The regulatory networks governing development and differentiation of hematopoietic cells are incompletely understood. Members of the Schlafen (Slfn) protein family have been implicated in the regulation of cell growth and T cell development. We have identified and chromosomally mapped four new members, slfn5, slfn8, slfn9 and slfn10, which belong to a distinct subgroup within this gene family. The characteristic feature of these proteins is the presence of sequence motifs identifying them as distinct members of the superfamily I of DNA/RNA helicases. A significant role of these newly identified members in hematopoietic cell differentiation is suggested based on their differential regulation (i) in developing and activated T cells, (ii) in LPS or IFN-γ activated macrophages, (iii) upon IL6 or LIF driven terminal differentiation of myeloblastic M1 cells into macrophage-like cells, and (iv) in splenocytes of mice infected with Listeria monocytogenes. In contrast to wild-type cells, IRF-1 and IFNα/βR deficient macrophages, although undergoing growth arrest, fail to upregulate slfn gene expression upon IFNγ or LPS stimulation, respectively. Therefore, an essential participation in IFNγ or LPS induced growth arrest appears unlikely. Likewise, ectopic expression of the newly identified slfn family members in fibroblasts did not reveal a general impact on growth control. In contrast, transgenic T-cell specific expression of a representative member of this new subfamily, slfn8, resulted in profoundly impaired T cell development and peripheral T cells showed a reduced proliferative potential. Thus, functional participation of slfn8 in the regulatory networks governing T cell development and growth appears to be cell type specific.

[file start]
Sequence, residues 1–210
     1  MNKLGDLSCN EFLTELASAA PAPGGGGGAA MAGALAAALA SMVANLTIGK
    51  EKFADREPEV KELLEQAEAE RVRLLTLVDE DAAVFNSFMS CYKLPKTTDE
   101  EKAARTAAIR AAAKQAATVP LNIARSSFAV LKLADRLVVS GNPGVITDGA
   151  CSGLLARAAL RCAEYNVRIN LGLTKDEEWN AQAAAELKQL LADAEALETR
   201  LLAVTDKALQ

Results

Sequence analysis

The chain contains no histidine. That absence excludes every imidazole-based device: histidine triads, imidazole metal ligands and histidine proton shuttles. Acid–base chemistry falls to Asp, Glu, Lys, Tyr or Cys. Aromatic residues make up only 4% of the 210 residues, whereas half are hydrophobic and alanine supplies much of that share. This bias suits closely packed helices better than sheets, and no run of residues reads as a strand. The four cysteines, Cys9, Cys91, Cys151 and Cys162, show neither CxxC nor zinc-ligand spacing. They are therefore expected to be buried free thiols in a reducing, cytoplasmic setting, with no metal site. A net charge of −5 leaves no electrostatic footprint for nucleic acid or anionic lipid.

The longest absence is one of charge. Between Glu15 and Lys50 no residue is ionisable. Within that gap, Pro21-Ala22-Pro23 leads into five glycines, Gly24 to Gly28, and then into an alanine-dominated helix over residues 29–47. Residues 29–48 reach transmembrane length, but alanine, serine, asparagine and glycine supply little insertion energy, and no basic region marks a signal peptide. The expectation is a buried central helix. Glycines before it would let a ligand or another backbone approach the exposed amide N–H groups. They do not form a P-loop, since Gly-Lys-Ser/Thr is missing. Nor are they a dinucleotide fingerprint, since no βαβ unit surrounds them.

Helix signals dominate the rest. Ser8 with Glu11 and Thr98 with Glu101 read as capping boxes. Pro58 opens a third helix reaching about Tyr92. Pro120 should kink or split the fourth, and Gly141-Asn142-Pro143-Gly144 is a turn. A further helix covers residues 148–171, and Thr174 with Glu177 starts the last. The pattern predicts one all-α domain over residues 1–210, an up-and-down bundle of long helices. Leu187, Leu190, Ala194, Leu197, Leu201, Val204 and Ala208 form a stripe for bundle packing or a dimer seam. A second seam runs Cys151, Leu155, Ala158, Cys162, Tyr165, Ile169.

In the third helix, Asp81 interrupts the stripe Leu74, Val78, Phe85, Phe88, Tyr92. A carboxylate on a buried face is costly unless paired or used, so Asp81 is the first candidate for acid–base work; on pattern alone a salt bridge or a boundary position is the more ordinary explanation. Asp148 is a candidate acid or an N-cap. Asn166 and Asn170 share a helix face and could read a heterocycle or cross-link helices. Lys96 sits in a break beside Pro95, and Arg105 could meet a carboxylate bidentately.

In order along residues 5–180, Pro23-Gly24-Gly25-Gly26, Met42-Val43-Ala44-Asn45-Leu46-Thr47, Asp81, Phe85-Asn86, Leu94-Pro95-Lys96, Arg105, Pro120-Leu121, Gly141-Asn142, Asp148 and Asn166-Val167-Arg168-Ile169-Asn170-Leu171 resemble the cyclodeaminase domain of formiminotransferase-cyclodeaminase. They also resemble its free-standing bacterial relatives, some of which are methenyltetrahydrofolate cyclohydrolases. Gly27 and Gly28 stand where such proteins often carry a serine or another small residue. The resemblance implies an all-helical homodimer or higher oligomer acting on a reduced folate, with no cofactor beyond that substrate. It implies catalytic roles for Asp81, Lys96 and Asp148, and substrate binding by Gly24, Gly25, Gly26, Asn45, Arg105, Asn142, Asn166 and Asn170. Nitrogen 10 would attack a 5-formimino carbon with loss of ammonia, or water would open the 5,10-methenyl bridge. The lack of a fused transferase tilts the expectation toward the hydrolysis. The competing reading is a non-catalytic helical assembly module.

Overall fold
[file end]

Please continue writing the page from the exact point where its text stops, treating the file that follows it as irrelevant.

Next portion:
Research Areas and Centers
- Research Area: Medical Genetics